More bookish Christmas ideas for the art, book, or film lover on your list. Again, I have no finger in any of these pies - shop where you will. These are mostly books I've read (except for one or two) and think would make great presents. A few are new this year, most are old favorites. Tomorrow is Small Business Saturday, so you might think of patronizing any of the small, independent bookstores in your area.
THE ART OF NOIR by Eddie Muller.
Muller is a film noir guru, author of mysteries, film books and lecturer of all things having to do with film, most especially noir. This is an older book but definitely worth hunting down. Worth looking for too, are his other film noir book, DARK CITY and two of his noir-ish mysteries featuring boxing writer Billy Nichols: THE DISTANCE and SHADOW BOXER.
ENCYCLOPEDIA OF THE EXQUSITE An Anecdotal History of Elegant Delights by Jessica Kerwin Jenkins. For the esoterically inclined, the Francophile, the Anglophile, for anyone who is inspired by the glamorous and delightful.
PIPPI LONGSTOCKING by Astrid Lindgren.
The book for the young girl on your list who hasn't, so far, met Pippi. This is the book that opened up the world of adventure to me when I was a kid thinking that girls couldn't do anything, that boys had all the fun. Pippi Longstocking quickly disabused me of that notion, thank goodness!
CHRISTMAS AT THRUSH GREEN by Miss Read.Well, you can't go wrong with a Miss Read novel about the quiet country doings in the village of Thrush Green. I love Miss Read. Haven't read all of them, just a few, but I'll keep reading until I've finished all of them.
THE ART BOOK.
This is such a brilliant concept: a quick introduction to painting. Each page shows one painting and a short explanation of the work, the school of painting and the painter. Open to any page and you're bound to find something of interest. I've had this for years and I'm still finding new things in it.
MAJOR PETTIGREW'S LAST STAND by Helen Simonson.
One of the best books I read this year. A love story for the grown-up who still believes in romance. A charming story that proves that just when you think life has passed you by, it hasn't.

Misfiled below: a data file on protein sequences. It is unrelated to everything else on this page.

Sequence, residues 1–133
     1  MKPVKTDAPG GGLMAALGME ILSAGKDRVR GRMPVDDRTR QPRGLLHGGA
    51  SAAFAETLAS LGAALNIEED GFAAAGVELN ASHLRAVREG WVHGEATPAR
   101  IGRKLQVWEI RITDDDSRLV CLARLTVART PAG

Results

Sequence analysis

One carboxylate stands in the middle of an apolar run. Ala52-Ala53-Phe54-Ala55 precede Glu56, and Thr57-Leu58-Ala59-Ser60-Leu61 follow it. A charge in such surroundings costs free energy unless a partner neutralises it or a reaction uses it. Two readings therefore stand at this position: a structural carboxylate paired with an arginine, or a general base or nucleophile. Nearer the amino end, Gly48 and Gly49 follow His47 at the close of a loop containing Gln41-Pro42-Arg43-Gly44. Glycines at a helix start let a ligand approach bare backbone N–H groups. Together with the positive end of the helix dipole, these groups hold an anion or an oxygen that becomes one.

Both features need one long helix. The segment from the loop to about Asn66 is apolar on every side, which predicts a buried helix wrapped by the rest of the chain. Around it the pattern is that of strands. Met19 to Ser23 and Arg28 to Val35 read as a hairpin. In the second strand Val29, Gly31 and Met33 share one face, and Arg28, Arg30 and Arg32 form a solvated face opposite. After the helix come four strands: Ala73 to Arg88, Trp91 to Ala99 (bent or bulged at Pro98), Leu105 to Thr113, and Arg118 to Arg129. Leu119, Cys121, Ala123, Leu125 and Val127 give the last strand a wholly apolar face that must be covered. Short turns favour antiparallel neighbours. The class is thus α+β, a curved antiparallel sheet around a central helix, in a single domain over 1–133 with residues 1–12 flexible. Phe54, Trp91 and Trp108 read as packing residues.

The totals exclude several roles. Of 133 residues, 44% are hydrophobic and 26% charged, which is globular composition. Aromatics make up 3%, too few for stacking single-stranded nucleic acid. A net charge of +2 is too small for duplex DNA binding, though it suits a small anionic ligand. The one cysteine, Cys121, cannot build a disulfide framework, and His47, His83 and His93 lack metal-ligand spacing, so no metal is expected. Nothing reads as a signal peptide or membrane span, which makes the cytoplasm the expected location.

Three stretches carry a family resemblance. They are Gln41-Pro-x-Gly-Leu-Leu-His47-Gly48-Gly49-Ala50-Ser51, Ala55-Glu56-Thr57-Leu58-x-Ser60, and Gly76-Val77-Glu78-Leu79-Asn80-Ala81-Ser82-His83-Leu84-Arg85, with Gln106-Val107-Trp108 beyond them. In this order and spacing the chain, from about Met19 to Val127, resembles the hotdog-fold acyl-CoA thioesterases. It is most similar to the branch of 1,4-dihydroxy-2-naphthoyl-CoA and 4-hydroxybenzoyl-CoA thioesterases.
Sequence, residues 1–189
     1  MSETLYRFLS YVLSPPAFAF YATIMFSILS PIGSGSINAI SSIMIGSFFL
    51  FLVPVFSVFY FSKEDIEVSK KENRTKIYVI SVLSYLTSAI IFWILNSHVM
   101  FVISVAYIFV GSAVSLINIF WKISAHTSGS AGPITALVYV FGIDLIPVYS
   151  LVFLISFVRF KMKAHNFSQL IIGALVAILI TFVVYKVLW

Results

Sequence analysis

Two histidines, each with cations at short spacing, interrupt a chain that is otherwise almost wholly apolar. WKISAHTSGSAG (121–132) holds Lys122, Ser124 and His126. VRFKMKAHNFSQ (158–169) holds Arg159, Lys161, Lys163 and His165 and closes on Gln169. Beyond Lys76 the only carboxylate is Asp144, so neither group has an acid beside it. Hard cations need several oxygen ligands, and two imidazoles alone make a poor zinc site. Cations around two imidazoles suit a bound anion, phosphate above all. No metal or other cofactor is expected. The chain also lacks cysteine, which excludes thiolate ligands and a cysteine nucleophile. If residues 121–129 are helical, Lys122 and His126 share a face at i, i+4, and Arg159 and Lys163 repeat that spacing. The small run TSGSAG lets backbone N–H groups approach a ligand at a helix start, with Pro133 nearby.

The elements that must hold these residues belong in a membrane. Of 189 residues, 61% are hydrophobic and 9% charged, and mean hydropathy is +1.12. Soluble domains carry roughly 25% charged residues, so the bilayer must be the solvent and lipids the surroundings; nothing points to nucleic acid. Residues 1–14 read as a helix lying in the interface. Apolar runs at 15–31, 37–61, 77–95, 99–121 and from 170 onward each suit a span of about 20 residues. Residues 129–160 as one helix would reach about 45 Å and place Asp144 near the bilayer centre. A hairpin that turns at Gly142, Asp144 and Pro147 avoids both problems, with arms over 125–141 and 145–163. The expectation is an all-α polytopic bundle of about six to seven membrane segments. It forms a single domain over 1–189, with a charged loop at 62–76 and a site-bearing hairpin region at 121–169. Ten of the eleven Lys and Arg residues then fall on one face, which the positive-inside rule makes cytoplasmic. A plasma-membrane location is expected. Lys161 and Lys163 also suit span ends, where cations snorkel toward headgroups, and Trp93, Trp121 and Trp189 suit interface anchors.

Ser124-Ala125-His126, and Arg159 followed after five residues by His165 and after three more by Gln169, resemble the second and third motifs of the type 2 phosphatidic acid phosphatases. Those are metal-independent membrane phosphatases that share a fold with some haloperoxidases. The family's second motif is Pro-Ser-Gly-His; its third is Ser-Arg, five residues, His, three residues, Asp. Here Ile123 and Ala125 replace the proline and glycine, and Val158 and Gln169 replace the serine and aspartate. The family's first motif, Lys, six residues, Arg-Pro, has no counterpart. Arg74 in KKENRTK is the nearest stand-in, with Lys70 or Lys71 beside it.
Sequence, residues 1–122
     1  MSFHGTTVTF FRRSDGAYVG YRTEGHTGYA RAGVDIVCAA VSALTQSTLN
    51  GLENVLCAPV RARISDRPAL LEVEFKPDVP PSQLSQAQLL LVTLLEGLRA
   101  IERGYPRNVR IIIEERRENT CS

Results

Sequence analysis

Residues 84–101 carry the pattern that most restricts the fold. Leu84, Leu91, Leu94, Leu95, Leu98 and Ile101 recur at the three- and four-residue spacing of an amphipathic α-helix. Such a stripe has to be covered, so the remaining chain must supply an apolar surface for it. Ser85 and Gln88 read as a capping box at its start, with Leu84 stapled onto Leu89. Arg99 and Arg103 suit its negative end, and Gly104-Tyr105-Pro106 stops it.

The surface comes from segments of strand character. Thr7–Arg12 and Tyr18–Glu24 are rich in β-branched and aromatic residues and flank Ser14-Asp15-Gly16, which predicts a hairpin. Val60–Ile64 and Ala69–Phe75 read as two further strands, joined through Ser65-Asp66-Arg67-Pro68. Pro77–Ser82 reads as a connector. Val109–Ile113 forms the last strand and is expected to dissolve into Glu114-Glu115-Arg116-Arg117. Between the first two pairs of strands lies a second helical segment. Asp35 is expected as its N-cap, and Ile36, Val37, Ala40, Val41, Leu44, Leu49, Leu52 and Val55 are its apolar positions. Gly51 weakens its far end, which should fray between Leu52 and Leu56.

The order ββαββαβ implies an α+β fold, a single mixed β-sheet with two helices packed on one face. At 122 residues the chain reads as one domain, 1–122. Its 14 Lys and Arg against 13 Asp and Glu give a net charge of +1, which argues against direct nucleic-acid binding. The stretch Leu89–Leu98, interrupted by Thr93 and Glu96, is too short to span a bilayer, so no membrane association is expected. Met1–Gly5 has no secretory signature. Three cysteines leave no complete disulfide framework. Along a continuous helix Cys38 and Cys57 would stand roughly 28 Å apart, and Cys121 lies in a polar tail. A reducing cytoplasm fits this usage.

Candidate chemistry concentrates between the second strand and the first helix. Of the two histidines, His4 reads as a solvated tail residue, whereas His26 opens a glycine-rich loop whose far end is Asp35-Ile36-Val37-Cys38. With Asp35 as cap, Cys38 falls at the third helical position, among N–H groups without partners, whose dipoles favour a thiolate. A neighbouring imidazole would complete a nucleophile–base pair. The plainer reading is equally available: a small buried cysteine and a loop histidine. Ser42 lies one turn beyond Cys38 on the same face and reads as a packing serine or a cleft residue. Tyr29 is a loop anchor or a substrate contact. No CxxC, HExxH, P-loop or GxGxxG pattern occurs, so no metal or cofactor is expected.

THE LOST CITY OF Z by David Grann.
Another terrific read from this year. A non-fiction account of the search, in the Amazon, for the lost city of El Dorado and the fate of the father and son explorers who went missing in the early part of the 20th century. Fabulous, hair-raising story.
EYEWITNESS TRAVEL GUIDES published by DK Publishing.
I've included these because, to my mind, they are the most splendid guides for the actual or arm chair traveler. Each book features gorgeous photography, maps, artwork, unique points of interest, architecture, museums, you name it. All in a beautifully designed and easy to read (and hold) format. I love to sit and pretend I'm traveling and these books make it seem as if I'm there. They're a little pricey at about 20 - 25 bucks each, but far as I'm concerned, it's worth it to feel as if you've gone somewhere. These books are as close as you can get to a foreign country without actually being there. I love them.
THE AFFAIR OF THE MUTILATED MINK COAT by James Anderson.
Anderson wrote two classic satires of the Agatha Christie school of mystery writing (I most associate these books with Christie's SECRET OF CHIMNEYS - if you loved CHIMNEYS, you'll love the Anderson books). His second book THE AFFAIR OF THE BLOOD-STAINED EGG COSY is more or less the same sort of tale as the title above. Both books are bustling with eccentric British wits and nitwits. The stories take place in large country houses filled with servants and suspicious doings. TONS OF FUN.
A BOOK LOVERS DIARY is a wonderful journal filled with witty quotes and plenty of space in which to jot down titles or lists or whatever book-related things your heart desires. I have one. I love it.
ONE GOOD DOG by Susan Wilson.
The extraordinarily touching and life affirming story of a man and a dog who both get a second chance at life. I didn't think I'd like this book when it was recommended to me, but I wound up loving it.
61 HOURS by Lee Child.
This is the first of a two book year for Lee Child - you can't go wrong with either of them. For the thriller lover on your list, these are the books to have. I give a slight edge to 61 HOURS, but WORTH DYING FOR is terrific as well. Either/or. Next to Robert Crais, Lee Child is the best thriller writer working today.
ALICE IN WONDERLAND by Lewis Carroll, exquisite illustrations by Helen Oxenbury. The two volumes in one gorgeous slip-case. A gift that couldn't fail to please any reader on your list, young or old.
THE GREAT MOVIES III by Roger Ebert.
This is the latest book of movie essays, after Book I and Book II, by the movie maven extraordinaire and, far as I'm concerned, head honcho of the critic establishment.
THE DICTIONARY OF IMAGINARY PLACES by Alberto Manguel, Eric Beddows and Gianni Guadalupi.
A guide book that defines the places that never were from all the books we're read or are familiar with: Middle Earth, Hogwarts, Narnia, Oz, you name it. I can't think of any imaginative reader who wouldn't enjoy this.
A DOG ABOUT TOWN by J.F. Englert.
Meet Randolph, dog raconteur and wag about town. I happen to know that Santa is bringing me this Christmas morning. How do I know? Well, that would be telling.
Oh, I'd love a copy of that Book Lover's Diary!ReplyDelete
Then you'll have to drop appropriate hints in the right places. ;) Thanks for stopping by, Jillian.ReplyDelete